Friday, February 24, 2012
office, I can’t believe the posted signs at the front desk:
“Payment is expected when services are performed.”
“You must update your insurance information at each visit.”
“Cell phones must be turned of in the exam area.”
You need a rulebook to go to the doctor.
Why not be a different kind of dental office and take an
unexpected and fun approach to these every day issues:
Tear all the signs
Put one new sign up periodically for fun. Signs like these:
We can’t tell anyone that you’re here, but you can! Make sure to check into our office on Facebook right now and let all your friends know you go to the best dentist in town!”
"Payment Policy: You no longer have to pay for treatment at the time of your visit! Make sure to ask us about convenient payment options that will put a smile on your face.”
"Cell Phone Policy: We value your time. Keep your phone ON and feel free
to text and e-mail while you wait. If you are one of the few who still talks on the phone, make sure to put it on speaker! We’d like to invite your friends to come see us too!”
Remember: If people like themselves better when they are in your office, they will want to repeat and refer. Don’t be the traditional, stuffy, stodgy, no-fun-to-be-with health professional. Put a smile on your patient's face and they will tell everyone about you.
Friday, February 17, 2012
What does Dr. Oz know about dentistry? Apparently not much! But you do!
Most of dentistry has just about had it with Dr. Oz. The television doctor personality continues to disseminate misleading dental information like dental x-rays cause thyroid cancer and recommending that patients negotiate with their dentist for lower fees. I am sure there will be more.
With a daily show to produce, I am sure there is a back room of producers working tirelessly to come up with something they think people will find of interest. Sometimes these producers get desperate.
If you get riled up about Dr. Oz, consider the following thoughts and actions:
1. Much of what is produced on this show is created by front line producers who are not too deep into facts. They are trying to be creative. Sometimes they are more creative than they are factual.
2. The target audience for the Dr. Oz Show is older women of the 60 year old plus variety. Not very many other people have the time to watch his show which airs during the work day. Unless you are a die-hard follower and you TiVO his show, the market is relatively limited.
3. Take a proactive stance. Keep an eye on anything that comes out in the media about dentistry. Be the local authority and set the record straight. Have information in your practice about what the truth really is about things that may have been broadcast or printed in the national media. Your patients will appreciate your being up-to-date and addressing what is going on today.
4. Negotiate fees? Why don’t you suggest people do that with their physician Dr. Oz? Oh, that’s because most physicians have no clue what they charge for anything. They have lost total control of their business model. I think Oz and his fellow physicians that lost their way from the “Emerald City” are just jealous!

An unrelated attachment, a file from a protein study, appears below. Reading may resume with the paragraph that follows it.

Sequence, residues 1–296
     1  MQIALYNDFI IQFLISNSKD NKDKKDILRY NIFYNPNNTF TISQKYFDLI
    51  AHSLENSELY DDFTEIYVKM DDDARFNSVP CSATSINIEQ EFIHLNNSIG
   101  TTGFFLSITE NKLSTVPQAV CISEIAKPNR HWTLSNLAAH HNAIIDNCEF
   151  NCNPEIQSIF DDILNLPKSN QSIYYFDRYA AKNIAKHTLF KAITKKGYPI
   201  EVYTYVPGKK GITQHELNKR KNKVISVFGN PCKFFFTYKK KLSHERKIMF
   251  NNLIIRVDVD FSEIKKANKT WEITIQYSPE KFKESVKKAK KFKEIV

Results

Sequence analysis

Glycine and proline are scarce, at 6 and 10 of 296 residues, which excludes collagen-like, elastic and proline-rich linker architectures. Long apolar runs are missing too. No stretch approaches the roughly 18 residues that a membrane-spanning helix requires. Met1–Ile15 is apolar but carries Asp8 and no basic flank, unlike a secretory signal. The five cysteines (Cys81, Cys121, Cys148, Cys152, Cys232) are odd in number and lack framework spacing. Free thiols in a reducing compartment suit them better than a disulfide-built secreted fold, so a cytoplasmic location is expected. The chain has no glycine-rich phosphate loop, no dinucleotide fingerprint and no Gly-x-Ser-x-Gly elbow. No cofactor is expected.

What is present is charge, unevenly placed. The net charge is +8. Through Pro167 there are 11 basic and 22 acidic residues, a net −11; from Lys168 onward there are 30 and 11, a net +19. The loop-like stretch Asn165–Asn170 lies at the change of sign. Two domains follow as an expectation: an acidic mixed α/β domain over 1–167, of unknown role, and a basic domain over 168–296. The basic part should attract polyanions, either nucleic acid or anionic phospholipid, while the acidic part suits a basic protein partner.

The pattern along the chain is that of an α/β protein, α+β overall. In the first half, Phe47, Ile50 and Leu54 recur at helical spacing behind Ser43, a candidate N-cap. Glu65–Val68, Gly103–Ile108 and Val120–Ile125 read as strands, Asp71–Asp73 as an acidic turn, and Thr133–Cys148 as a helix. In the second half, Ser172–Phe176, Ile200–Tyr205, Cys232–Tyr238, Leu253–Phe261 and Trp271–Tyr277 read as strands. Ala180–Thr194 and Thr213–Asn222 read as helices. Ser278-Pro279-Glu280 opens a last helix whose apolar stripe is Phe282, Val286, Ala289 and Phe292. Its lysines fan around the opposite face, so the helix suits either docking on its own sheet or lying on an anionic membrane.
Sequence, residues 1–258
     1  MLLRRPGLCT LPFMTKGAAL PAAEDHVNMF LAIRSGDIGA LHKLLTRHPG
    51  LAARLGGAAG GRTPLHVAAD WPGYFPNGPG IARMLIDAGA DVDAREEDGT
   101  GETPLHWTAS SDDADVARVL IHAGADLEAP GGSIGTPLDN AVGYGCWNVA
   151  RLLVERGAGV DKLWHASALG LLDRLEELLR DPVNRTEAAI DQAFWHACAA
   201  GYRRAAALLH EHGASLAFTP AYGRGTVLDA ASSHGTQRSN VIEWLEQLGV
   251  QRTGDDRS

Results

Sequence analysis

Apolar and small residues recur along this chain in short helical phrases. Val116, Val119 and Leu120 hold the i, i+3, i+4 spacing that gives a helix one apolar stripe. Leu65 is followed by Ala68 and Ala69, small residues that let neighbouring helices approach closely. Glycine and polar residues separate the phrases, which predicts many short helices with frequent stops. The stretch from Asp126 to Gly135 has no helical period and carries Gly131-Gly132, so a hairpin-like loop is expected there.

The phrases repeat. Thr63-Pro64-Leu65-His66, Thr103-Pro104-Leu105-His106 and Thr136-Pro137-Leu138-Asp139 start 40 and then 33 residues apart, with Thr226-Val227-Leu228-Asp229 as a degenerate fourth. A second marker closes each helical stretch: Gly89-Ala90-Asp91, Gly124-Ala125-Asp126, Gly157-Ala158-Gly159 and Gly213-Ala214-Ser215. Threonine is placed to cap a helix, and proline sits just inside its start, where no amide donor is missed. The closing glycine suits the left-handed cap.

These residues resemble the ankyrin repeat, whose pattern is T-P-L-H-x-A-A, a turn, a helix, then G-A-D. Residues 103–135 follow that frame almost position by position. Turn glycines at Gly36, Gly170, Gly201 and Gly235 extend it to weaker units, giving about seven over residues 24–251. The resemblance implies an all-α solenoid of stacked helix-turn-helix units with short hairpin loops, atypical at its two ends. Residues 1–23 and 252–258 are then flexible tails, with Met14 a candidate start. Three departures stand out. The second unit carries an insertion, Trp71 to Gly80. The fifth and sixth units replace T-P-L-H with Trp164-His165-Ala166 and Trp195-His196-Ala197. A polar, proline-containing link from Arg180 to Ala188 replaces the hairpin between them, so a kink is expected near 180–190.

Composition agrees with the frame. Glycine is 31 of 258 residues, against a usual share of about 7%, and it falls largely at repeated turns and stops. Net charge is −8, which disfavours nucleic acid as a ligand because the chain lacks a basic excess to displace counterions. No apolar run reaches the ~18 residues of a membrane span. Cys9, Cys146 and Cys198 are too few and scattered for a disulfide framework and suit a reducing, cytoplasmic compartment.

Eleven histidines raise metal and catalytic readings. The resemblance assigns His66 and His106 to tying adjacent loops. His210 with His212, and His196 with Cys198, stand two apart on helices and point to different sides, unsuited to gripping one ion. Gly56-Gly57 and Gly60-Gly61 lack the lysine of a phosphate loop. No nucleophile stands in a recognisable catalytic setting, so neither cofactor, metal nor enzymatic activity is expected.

5. Need a response for the occasional patient that wants to negotiate fees? “Mrs. Jones, we carefully set our fees once and explain them to our patients so we would never have to apologize for the quality of our work.” Everyone knows that you get what you pay for.
6. Get focused on what is working, not on what is not working. The effect that someone like Dr. Oz has on the whole market is minimal. When you get one or two comments from patients about things that sound related, it is easy to think it is a bigger problem than it really is. Focus on the patients that get it. Don’t give the small minority of patients more share of your mind than they deserve.
With that, I am off to Kansas…the real place Dorothy lived. After all, the whole “Oz” thing and the “Emerald City” were a dream, not reality. Remember? We should all treat Dr. Oz the same way.
Friday, February 10, 2012
At our recent Crown Council Annual Event in Las Vegas, I highlighted some businesses worth emulating. One of my favorites is the Donut Stop in Amarrillo, Texas. Founders, Rose Martha and Jim Cates provide a great case study on how to stay competitive.
Their story is well-known in Amarillo. The hometown chain (Donut Stop) was put on notice when Krispy Kreme announced their entry into Amarrillo. Jim immediately packed his bags and went on a tour of Krispy Kreme locations around the country to see what they did well and what they did not do well. He returned with the data and they formed a new strategy.
In short, The Donut Stop attacked with what they did well that Krispy Kreme could not do at all. They accentuated their assets that were difficult to duplicate. The strategy was so successful that Krispy Kreme soon left town.
The mistake in “competition” is trying to outdo the other by doing what they do a little better. The Donut Stop didn’t even try to compete with Kripsy Kreme head to head. They looked for the differences and capitalized on them.
So the next time you are tempted to copy the office down the street and try to do what they do, but just a little better, STOP! Look for the things you do that the competition does not do and accentuate those assets that are difficult to duplicate. You’ll have a better chance of standing out from the rest and customers will beat a path to your door.